Archive for the ‘Critical Chain’ Category

Images as action instruments in complex projects (Taxén & Lilliesköld, 2008)

Montag, Oktober 20th, 2008

Images as action instruments in complex projects (Taxén & Lilliesköld, 2008)

Taxén, Lars; Lilliesköld, Joakim: Images as action instruments in complex projects; in: International Journal of Project Management, Vol. 26 (2008), No. 5, pp. 527-536.

Images are quite powerful. I hate motivational posters which a distant corporate HQ decorates every meeting room with, but I once saw the department strategy visualised by these folks, they include all employees and the group dynamic is unbelievable. Later on they cleaned the images, blew them up, and posted them around the company – of course, meaningless for an outsider but a powerful reminder for everyone who took part.

Taxén & Lilliesköld analyse the images typically used in project management. They find that these common images, such as PERT/CPM, Gantt charts, or WBS are increasingly difficult to use in complex projects, in this case the authors look into a large-scale IT project.

Based on Activity Domain Theory they develop alternative images better suited for complex projects. Activity Domain Theory, however, underlines that all tasks on a project (= each activity domain) have a motive, fulfils needs, modifies objects, and has actors. Outcomes are produced by activity domains and are at the same time prerequisites for activity domains. Activity domains have activity modalities, which can be either manifested as resources or as communal meaning. These activity modalities are

  • Contextualisation = situation of human action
  • Spatialisation = need for spatial orientation in human action
  • Temporalisation = need for certain order in human action
  • Stabilisation = need for certain rules and norms in human action
  • Transition = need for interaction between activity domains

Useful images, the authors argue, need to fulfil these needs while being situated in the context of the activity. Traditional images focus on optimisation and control, rather than on coordination and action. Thus alternate images need to focus on dependencies and integration; on value comprehensibility and informality over formality and rigour.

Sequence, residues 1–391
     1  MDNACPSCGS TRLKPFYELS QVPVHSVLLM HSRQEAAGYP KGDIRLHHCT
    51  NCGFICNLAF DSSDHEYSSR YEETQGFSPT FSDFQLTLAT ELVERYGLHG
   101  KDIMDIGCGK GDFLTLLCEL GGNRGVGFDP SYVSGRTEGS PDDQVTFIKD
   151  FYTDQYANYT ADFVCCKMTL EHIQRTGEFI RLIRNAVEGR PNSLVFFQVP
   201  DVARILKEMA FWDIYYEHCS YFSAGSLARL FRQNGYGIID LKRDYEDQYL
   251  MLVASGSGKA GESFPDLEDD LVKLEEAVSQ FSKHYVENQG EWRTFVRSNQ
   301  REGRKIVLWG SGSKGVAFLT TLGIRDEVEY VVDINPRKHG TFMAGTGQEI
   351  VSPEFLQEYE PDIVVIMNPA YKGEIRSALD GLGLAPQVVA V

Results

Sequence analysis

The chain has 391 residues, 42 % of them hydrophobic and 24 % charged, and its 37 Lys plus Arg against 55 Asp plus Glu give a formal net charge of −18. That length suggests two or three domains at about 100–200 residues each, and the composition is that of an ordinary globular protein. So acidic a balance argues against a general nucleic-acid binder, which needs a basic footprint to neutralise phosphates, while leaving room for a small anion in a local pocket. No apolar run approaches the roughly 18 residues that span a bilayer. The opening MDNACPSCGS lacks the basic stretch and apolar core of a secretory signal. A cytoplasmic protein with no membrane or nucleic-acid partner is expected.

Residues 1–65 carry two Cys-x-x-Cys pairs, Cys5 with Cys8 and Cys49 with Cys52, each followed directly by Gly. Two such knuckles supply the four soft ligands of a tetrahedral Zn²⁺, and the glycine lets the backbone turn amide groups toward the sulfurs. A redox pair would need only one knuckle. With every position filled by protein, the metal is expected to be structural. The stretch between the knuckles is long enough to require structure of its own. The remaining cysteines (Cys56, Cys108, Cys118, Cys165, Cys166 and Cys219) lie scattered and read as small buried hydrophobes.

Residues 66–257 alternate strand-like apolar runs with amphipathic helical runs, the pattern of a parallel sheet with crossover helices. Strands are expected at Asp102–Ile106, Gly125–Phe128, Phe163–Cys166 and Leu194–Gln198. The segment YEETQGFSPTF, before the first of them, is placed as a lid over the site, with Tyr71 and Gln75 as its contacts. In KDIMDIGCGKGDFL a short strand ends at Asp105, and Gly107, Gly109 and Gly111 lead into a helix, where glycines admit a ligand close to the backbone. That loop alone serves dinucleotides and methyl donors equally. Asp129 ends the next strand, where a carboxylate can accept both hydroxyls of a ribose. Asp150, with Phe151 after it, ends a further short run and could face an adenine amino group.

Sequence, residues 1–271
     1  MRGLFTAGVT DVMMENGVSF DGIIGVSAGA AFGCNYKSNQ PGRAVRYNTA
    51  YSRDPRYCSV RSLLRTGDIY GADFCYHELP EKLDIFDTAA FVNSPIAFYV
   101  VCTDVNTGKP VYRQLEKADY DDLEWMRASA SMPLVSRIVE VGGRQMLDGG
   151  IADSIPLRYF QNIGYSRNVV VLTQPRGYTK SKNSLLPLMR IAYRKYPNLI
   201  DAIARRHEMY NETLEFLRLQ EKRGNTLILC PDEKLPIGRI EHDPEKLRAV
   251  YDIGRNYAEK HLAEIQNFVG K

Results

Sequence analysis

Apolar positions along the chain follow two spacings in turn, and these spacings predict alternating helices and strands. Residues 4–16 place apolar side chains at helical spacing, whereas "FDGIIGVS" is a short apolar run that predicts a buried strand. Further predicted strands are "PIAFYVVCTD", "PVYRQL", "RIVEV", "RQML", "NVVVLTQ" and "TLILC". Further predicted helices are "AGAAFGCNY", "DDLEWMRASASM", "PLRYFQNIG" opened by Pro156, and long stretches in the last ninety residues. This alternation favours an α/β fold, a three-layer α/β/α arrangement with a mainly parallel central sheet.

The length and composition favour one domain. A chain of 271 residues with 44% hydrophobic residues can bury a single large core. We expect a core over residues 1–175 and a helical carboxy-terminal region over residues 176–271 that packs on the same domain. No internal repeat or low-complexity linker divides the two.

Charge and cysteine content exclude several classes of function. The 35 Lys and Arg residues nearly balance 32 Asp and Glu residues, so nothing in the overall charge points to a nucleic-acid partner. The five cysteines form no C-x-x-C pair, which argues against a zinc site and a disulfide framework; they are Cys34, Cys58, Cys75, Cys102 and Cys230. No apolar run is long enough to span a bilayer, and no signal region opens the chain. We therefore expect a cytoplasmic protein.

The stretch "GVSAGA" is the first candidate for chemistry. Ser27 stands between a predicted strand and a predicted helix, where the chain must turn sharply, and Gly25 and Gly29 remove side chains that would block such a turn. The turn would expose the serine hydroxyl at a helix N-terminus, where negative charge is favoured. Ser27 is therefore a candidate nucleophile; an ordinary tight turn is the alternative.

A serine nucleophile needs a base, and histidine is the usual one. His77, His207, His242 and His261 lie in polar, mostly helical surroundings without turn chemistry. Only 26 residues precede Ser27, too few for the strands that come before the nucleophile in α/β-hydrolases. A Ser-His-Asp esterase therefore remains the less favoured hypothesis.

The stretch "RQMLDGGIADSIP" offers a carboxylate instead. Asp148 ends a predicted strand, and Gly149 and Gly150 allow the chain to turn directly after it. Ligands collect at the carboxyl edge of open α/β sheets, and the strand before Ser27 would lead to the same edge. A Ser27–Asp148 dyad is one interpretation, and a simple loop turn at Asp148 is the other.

Alternative images suited for complex project management are

  • Anatomies – showing modules, work packages and their dependencies of the finished product, e.g., functional node diagrams
  • Dependency diagrams – showing the incremental assembly of the product over a couple of releases, e.g. increment plan based on dependencies (a feature WBS lack)
  • Release matrices – showing the flow of releases, how they fit together, and when which functionality becomes available, e.g., integration plan
  • Information flow diagrams – showing the interfaces between modules, e.g. DFD

Understanding time delay disputes in construction contracts (Iyer et al. 2008) & Delays in construction projects (Sweis et al., 2008)

Dienstag, September 23rd, 2008

Sources and categories of delay in construction

Iyer, K.C.; Chaphalkar, N.B.; Joshi, G.A.: Understanding time delay disputes in construction contracts; in: International Journal of Project Management, Vol. 26 (2008), No. 2, pp. 174-184.

Sweis, G.; Sweis, R.; Hammad, A. Abu; Shboul, A.: Delays in construction projects – The case of Jordan; in: International Journal of Project Management, Vol. 26 (2008), No. 6, pp. 665-674.

In my recent obsession with delays [it’s quite sarcastic, I know], I read through these two articles on delays in the construction industry.